The Dharma of Harry Potter

July 17, 2011 § 20 Comments

Harry Potter mania is in full swing.  In this house, too.  I recently saw the movie with my 21-year-old daughter, who happens to be the same age as Harry, Ron, and Hermione.  Harry Potter was her childhood.  It was very poignant to see these now beloved and familiar characters and the one in the seat beside me now grown up.  I cried.
     From the time my daughter and Harry were both 10 years old, the great contemporary fantasy saga about the “boy who lived” were a refuge and inspiration.  That a kid could  seem to be ordinary–and not just ordinary but very lacking in the eyes of the unseeing and uncaring adults around him–yet turn out to have magical powers this was, well, magic for Alexandra and for millions of readers who suspected as much even in the midst of the rampantly materialistic and crazy world we live in.
     It is good and natural in such a world to reach outward for a greater idea or unifying principle to guide us.  Yet, seeing Harry Potter reminded me how important it is to open up fully to our own experience.   Unclasping the grip of our identification with the thinking to really investigate the senses and the feelings and our awareness of the whole of our experience can give life a magical quality.  Deeper ways of sensing and knowing can open up.
     Times when we feel lost or times when we face great challenges can naturually loosen our grip on what we think we know.  Other ways of sensing or intuiting or feeling can suddenly appear–and these little glimpses can feel like invitations to enter a broader and deeper ways of experiencing our lives.  These moments of seeing or intuition are not as spectacular and irreversible as having an owl appear telling us that we’re meant to be at the Hogwarts School to receive a different kind of training.  But they can still be indelible.
     Let me tell you a wee little story.  Many years ago when I was a young person living in Manhattan,  I came to be completely disillusioned with my supposedly cool job chasing books to turn into movies and with the life I was living–chasing images of what it meant to be successful and cool.  I suddenly felt desperate to find out what life–what was behind it.  I would come home from work and lie on the couch and think about the cosmos and wonder what it was all about, just like a little kid.  Suddenly, it was my priority in life,  knowing for myself what the meaning of life was–what the purpose of my small life was–and I didn’t care what anybody thought about it.   I stared reading books about Buddhism and Taoism and the Gurdjieff Work, and one night I had a very strange dream.  There appeared a symbol that was unlike anything I was reading about or unlike anything I had ever seen.  It looked a bit like the dharma wheel except that it looked Celtic or Nordic.   The spokes looked like waves.  I would draw if for you if I could (and maybe one of you will see it on a pottery shard in a museum).  The message in the dream was that this symbol–and the understanding behind it–has always existed–and always appeared and disappeared.  The message was to look for it–to learn to be sensitive and alert and search.  The message was that there was a way of living that leads to understanding that pre-dates any known religion or school and that it somehow lives on in us.   It welled up from the depths of my human being.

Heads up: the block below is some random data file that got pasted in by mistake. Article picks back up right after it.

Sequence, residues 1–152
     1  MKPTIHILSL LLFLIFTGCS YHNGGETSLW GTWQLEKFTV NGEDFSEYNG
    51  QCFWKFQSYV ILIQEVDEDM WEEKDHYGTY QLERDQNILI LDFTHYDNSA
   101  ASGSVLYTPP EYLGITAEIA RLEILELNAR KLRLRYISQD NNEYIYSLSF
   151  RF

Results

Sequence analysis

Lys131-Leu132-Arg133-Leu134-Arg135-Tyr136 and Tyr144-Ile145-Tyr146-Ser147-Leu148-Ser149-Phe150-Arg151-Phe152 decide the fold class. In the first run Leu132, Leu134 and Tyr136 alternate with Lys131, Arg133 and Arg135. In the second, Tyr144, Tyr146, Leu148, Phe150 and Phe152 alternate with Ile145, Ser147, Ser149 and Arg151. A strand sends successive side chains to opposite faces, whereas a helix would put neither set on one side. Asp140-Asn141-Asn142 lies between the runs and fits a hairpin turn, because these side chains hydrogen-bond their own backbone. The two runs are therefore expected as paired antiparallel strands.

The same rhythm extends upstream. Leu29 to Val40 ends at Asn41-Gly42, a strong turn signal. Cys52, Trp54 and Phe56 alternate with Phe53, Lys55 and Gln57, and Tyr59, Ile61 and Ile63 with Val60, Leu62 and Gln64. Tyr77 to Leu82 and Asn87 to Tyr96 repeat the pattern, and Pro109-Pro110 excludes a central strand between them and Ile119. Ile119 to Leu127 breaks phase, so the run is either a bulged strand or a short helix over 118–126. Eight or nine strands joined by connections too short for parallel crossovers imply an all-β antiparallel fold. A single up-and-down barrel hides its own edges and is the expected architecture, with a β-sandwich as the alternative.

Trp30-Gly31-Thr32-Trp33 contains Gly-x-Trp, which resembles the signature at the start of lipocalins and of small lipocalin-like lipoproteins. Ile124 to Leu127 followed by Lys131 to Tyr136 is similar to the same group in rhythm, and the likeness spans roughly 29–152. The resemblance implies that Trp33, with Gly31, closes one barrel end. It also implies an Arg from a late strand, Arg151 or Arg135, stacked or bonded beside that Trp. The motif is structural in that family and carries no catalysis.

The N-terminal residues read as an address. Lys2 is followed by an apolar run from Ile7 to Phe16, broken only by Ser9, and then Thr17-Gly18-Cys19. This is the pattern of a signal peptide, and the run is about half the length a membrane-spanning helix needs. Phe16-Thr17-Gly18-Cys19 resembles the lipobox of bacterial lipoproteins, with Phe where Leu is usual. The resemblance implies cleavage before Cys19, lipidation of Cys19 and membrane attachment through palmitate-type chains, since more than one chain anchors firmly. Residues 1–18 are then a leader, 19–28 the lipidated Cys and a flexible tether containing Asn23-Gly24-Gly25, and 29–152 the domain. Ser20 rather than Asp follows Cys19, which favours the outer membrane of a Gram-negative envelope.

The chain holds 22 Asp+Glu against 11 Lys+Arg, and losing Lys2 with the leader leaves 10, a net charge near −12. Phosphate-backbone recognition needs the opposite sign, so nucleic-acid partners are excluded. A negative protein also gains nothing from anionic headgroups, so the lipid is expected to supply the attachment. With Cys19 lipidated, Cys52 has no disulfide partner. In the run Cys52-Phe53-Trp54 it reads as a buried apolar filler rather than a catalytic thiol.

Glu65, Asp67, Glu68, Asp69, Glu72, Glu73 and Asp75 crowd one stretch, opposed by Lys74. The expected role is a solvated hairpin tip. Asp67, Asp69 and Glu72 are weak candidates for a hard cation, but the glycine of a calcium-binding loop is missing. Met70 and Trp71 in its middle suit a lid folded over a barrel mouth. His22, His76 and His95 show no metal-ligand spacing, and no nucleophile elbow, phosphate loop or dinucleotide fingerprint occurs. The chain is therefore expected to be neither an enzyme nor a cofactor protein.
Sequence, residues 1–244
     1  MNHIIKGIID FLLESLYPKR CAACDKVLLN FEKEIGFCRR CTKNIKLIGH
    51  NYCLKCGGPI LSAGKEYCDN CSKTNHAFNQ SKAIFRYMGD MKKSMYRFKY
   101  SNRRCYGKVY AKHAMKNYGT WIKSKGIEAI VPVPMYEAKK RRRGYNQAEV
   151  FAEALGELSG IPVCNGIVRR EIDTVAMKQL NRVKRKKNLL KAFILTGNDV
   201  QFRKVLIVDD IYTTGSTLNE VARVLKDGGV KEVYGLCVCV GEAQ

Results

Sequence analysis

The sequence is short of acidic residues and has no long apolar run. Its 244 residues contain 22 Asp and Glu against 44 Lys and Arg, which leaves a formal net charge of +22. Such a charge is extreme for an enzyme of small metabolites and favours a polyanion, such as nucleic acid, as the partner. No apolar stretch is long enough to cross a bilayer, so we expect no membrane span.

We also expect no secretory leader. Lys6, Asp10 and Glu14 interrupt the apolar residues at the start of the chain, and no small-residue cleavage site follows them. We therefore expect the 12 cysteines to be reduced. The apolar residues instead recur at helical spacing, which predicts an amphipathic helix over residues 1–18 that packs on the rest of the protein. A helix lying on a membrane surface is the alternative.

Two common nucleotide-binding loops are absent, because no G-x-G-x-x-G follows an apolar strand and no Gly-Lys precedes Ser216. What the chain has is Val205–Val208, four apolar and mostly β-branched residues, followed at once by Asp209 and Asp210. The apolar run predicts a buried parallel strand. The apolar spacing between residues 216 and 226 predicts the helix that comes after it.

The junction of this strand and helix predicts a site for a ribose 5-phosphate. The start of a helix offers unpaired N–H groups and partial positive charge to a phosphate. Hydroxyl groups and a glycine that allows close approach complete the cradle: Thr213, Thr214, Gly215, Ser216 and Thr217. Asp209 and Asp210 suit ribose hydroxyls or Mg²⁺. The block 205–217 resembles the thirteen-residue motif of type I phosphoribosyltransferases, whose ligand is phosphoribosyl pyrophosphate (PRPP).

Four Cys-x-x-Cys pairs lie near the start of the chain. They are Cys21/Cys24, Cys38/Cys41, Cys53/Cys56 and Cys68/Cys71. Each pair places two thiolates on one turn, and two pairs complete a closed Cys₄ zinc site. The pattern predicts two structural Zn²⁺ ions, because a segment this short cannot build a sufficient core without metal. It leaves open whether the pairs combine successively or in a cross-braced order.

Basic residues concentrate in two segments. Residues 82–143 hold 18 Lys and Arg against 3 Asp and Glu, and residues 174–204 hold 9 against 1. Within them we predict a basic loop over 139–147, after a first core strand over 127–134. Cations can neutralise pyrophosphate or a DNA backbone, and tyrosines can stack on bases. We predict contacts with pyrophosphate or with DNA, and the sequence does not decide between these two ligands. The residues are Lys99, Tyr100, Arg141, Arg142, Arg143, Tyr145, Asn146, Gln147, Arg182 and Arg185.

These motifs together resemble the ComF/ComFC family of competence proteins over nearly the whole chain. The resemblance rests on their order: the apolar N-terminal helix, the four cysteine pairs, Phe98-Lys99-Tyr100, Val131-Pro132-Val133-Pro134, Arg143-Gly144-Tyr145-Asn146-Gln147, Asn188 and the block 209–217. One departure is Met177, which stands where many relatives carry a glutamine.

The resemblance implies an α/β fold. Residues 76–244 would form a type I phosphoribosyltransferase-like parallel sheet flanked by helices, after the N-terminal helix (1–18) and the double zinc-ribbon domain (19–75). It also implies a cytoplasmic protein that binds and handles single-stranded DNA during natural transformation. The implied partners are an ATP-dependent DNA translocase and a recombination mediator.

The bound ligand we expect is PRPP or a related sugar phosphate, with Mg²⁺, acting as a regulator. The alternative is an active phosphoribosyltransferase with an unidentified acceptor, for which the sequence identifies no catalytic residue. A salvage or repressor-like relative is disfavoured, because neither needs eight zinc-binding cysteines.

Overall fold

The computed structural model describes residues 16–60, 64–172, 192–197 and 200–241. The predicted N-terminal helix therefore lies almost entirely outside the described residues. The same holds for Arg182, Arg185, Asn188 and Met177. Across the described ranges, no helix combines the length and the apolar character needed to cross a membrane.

Someday I may find this wheel.  In the meantime,  I have learned this: A wheel with eight spokes is the symbol of the Noble Eightfold Path, which the Buddha described as the way leading to the cessation of suffering and to awakening. It is used to develop insight into the true nature of reality…. and to eradicate greed, hatred, and delusion.  According to discourses found in both the Theravada and Chinese Buddhist canon, the Noble Eightfold Path was not invented but rediscovered by the Buddha during his search for liberation.  The scriptures describe an ancient path which has been followed and practiced by all the previous Buddhas who have sought self-awakening and liberation. The path was taught by the Buddha to his disciples so that they, too, could follow it.  Here (according to one account) is the Buddha: